A new report compiled by trend analysis company Flux Trends founder Dion Chang suggests that several different groups are forming among South Africa’s urban consumer society, breaking the mould of how businesses use traditional demographic segmentation models to connect with South Africa’s new tribes.
Chang notes that the correct method of reaching these groups is key to increasing overall communication, as well as understanding their differences.
The report, entitled ‘New Urban Tribes of South Africa’, analyses the behaviour of contemporary urban South Africans in an effort to better understand the country’s diverse cultures.
“South Africa has numerous different urban tribes and this report attempts to identify these groupings,” Chang tells Polity.
He says it is important for business, as well as government, to understand the different tribes to address their needs and demands more effectively, pointing out that government needs to act as a brand does when tackling issues that concern society.
“Interestingly, the advertising industry has taken note of the importance of different urban tribes. It is evident that companies no longer speak to a single community when pitching their brands to consumers. In fact, multiple campaigns are implemented by corporations to ensure that they reach a widespread audience.
“South Africa is a country with such diverse groupings, dating back centuries, and it would be unfortunate for government to ignore the changes happening currently within society. How do you address society [appropriately] when the language you speak is not the language they speak?” he asks.
Chang says the report identifies twelve clearly discernible tribes, which include the lost-generation tribe, the domestic personal assistant tribe and the single-parent, double-life tribe, among others.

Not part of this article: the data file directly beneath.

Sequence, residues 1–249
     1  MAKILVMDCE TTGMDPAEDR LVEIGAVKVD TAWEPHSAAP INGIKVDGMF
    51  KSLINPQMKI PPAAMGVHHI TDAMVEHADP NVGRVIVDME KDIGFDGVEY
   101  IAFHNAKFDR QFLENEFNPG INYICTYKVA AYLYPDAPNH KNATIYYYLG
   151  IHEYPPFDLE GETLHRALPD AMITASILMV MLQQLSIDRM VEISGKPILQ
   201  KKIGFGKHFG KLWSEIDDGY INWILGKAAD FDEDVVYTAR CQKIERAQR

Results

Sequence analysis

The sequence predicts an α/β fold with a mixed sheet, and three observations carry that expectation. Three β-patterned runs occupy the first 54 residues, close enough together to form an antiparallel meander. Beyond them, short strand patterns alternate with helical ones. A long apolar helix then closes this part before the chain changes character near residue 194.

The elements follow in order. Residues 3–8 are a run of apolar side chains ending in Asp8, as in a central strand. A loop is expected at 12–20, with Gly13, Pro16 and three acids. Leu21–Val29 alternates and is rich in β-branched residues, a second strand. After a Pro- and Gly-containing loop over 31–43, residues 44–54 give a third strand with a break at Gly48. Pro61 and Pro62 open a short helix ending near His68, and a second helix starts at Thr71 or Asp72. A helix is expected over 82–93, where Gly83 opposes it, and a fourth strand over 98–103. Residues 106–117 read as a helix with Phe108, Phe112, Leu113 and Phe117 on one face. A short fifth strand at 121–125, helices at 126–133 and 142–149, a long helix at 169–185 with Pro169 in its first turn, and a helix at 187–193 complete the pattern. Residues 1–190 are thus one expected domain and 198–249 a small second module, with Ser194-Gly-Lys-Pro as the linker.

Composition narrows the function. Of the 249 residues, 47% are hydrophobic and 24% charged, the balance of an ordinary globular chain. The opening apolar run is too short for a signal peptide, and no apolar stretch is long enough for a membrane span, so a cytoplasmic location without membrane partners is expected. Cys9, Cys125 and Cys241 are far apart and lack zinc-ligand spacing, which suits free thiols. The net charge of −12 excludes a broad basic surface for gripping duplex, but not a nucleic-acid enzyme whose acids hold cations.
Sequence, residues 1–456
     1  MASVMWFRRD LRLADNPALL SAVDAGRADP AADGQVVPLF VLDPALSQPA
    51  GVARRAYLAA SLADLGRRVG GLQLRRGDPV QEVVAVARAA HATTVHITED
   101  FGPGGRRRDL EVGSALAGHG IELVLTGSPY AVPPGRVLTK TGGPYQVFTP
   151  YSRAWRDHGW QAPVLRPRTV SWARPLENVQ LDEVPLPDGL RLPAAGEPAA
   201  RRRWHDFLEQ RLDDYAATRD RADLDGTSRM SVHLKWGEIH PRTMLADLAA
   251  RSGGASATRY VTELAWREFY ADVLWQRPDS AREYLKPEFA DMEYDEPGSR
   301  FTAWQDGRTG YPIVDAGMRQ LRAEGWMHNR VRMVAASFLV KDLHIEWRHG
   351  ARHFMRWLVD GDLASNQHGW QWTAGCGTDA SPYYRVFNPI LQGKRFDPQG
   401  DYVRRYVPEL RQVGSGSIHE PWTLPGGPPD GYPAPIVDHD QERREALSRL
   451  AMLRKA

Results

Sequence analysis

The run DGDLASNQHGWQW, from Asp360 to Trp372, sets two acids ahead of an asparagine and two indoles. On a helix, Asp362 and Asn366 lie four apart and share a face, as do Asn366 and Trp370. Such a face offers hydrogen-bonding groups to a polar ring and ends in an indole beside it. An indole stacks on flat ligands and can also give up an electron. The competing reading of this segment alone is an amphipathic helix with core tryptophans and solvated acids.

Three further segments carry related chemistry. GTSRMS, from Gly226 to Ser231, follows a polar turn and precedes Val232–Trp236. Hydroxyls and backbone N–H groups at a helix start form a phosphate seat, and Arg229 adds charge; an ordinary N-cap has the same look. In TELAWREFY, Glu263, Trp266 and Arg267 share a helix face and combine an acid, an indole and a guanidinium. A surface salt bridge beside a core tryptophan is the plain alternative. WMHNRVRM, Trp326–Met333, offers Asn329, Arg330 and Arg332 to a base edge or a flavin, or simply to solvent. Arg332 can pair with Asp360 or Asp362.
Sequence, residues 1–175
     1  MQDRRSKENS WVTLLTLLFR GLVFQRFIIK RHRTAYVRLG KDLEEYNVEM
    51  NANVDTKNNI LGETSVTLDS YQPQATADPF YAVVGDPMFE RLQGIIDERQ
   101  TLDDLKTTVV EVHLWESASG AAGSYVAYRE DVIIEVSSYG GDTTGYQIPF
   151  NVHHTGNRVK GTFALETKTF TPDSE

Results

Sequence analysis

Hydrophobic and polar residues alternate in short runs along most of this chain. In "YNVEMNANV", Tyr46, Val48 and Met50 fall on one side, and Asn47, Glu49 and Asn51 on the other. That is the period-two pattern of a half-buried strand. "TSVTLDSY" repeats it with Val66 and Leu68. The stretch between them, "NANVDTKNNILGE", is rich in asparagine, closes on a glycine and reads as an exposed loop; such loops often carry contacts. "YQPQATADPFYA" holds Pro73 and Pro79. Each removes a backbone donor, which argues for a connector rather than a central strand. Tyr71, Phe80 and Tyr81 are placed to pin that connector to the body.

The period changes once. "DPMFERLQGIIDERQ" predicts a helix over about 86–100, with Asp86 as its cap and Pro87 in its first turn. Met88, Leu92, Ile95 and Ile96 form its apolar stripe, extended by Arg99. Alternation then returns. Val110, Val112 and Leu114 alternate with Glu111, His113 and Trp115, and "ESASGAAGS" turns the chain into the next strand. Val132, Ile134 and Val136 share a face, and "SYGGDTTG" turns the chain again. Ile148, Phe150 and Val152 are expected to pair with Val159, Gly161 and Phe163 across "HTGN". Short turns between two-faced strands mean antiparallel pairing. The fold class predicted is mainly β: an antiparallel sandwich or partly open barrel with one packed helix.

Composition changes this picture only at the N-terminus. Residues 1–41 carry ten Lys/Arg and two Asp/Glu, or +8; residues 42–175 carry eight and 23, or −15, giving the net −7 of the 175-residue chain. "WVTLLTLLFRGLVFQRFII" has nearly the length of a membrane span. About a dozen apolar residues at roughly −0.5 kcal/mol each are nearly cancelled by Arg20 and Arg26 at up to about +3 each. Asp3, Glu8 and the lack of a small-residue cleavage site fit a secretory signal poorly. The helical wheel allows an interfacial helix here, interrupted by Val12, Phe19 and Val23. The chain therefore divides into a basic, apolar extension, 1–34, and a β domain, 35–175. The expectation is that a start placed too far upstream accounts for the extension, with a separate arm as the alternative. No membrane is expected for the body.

The report reveals that out of all the tribes, the most consistently mentioned during the research phase was the lost-generation tribe. This tribe consists mainly of uneducated and unemployed South Africans.
Chang says the lost generation is split into two categories: the lost elders, citizens who took part in the political struggle and believe that success is entitled to them as a result of liberation, and the lost millennials, who are raised by the lost elders.
Further, he notes that the lost-generation tribe finds itself in a precarious situation, where South Africa’s education system has plummeted to significantly low standards. “This urban tribe is extremely angry and dangerous, and are exposed to thoughts of engaging in criminal activities. They are a ticking time bomb,” Chang warns.
Meanwhile, the domestic personal assistant tribe consists mainly of educated women from neighbouring Zimbabwe who are willing to work in exchange for a low income, as opposed to South Africa’s high-wage, poorly educated domestic workers. “These individuals are mostly Zimbabwean citizens who are fairly well educated and can manage their employer’s house, from ordering groceries online to fetching their employer’s children at school,” says Chang.
The single-parent, double-life tribe is concerning, states Chang, adding that young single mothers who leave their children with family members so that they can live a better life, is revealed in alarming statistics, which show that three-million school girls are currently receiving government grants to assist in raising their children.
“This report does not only serve as an indication of the new tribes that are beginning to take shape in our country, but also as a barometer of where South Africa’s society is at the moment, as well as the challenges it faces into the future,” says Chang.